Is Your Family Prepared For Surgery? From The Pediatric Surgeon To The Procedure Itself

How should you prepare for your child's first surgery? You've spoken to the pediatric surgeon about the procedure—but you're not sure how to get your child, their siblings, or yourself ready. Take a look at what you need to know to make this day easier for everyone in your family.

Start With Honesty

Are you tempted to sugarcoat the procedure for the sake of your child or their siblings' stress level? Even though you want to focus on the positive aspects of the surgery (such as the results), you need to start a pre-procedure discussion with openness and honesty. This will help your child, other children in the family, and adult relatives understand the reason for the surgery, the procedure process, and what to expect from the post-op or recovery period.

Invite Questions

It's likely your child and their siblings will have questions about the procedure. The same goes for close relatives, such as other parents/stepparents and grandparents. When you start to discuss the surgery and its steps, invite everyone to ask questions. 

Don't worry if you can't answer every family member's questions. Some members, including children, may have complex questions about the procedure or the science behind it. Instead of ignoring questions that you can't answer, making an educated guess, or googling the procedure, talk to a medical provider. Your child's pediatrician, the surgeon, a nurse, or another member of the pediatric surgical staff can help you field hard-to-answer questions.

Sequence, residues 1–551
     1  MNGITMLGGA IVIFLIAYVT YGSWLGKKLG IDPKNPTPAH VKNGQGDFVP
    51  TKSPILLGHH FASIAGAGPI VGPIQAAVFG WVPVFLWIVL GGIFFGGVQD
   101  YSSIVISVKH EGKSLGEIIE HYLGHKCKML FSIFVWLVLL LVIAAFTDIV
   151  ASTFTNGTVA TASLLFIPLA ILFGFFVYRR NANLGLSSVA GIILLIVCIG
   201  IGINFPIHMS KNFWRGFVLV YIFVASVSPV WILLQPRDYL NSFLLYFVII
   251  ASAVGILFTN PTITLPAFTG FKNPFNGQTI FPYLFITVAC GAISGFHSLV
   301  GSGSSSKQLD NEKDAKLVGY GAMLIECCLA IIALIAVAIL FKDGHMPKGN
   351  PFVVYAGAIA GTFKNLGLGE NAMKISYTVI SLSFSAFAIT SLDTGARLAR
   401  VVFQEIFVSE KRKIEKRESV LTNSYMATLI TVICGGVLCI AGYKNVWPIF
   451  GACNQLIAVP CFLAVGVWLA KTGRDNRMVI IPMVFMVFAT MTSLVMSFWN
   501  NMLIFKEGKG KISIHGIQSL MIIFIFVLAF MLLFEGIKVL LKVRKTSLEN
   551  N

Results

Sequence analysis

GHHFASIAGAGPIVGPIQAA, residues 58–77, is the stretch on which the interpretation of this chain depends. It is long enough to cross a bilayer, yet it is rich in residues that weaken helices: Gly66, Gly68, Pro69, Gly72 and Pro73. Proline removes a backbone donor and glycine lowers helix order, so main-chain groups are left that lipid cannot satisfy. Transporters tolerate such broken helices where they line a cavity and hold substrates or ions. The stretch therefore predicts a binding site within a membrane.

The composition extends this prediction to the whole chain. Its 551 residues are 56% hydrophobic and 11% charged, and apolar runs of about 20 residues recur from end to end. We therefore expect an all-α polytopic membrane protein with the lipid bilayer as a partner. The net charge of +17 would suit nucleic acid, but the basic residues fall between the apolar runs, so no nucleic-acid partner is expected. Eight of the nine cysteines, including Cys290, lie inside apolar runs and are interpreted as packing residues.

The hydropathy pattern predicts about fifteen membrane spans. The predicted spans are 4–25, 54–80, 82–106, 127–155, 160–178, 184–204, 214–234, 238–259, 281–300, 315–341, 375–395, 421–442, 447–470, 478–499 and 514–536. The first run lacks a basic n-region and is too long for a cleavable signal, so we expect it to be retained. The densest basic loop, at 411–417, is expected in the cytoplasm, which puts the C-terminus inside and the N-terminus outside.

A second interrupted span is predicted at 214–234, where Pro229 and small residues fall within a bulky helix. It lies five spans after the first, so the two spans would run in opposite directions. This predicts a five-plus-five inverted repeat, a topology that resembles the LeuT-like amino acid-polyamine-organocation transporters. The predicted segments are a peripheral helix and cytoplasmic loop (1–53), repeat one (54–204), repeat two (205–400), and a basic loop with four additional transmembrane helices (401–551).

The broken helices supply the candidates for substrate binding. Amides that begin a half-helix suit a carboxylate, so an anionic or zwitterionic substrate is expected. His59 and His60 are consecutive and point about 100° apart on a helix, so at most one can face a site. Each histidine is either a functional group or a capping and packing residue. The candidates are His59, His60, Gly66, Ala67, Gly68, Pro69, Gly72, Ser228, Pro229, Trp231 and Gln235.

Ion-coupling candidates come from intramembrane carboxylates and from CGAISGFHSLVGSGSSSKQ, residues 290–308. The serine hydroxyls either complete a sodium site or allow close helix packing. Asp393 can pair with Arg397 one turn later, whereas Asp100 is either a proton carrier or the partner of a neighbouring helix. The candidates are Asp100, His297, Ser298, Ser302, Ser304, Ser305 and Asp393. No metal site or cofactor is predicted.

Ask Questions

Your child and the rest of the family may not know where to start or which questions to ask. Get a better picture of how everyone feels and what they want to know with a few questions of your own. Ask your child and their siblings what they know about hospitals and surgery in general, what concerns they have, and what they feel the most challenging part of the procedure process is. 

Your child's siblings also have needs during this time. Ask them how they think they can help their brother or sister. If they're not sure how to answer this question, offer some advice or easy-to-follow tips. 

Get Creative

Young children may find it difficult to understand surgical terms or the surgical process. This means you may need to get creative as you discuss and explain the procedure. Read picture books about hospitals, surgeons, or medical procedures as a family. Instead of reading to your children, read with them. An interactive approach allows your children to take part in the story-time and ask questions. Along with reading children's books, you can also act out a surgical scene with stuffed animals or create your own pretend play scenario.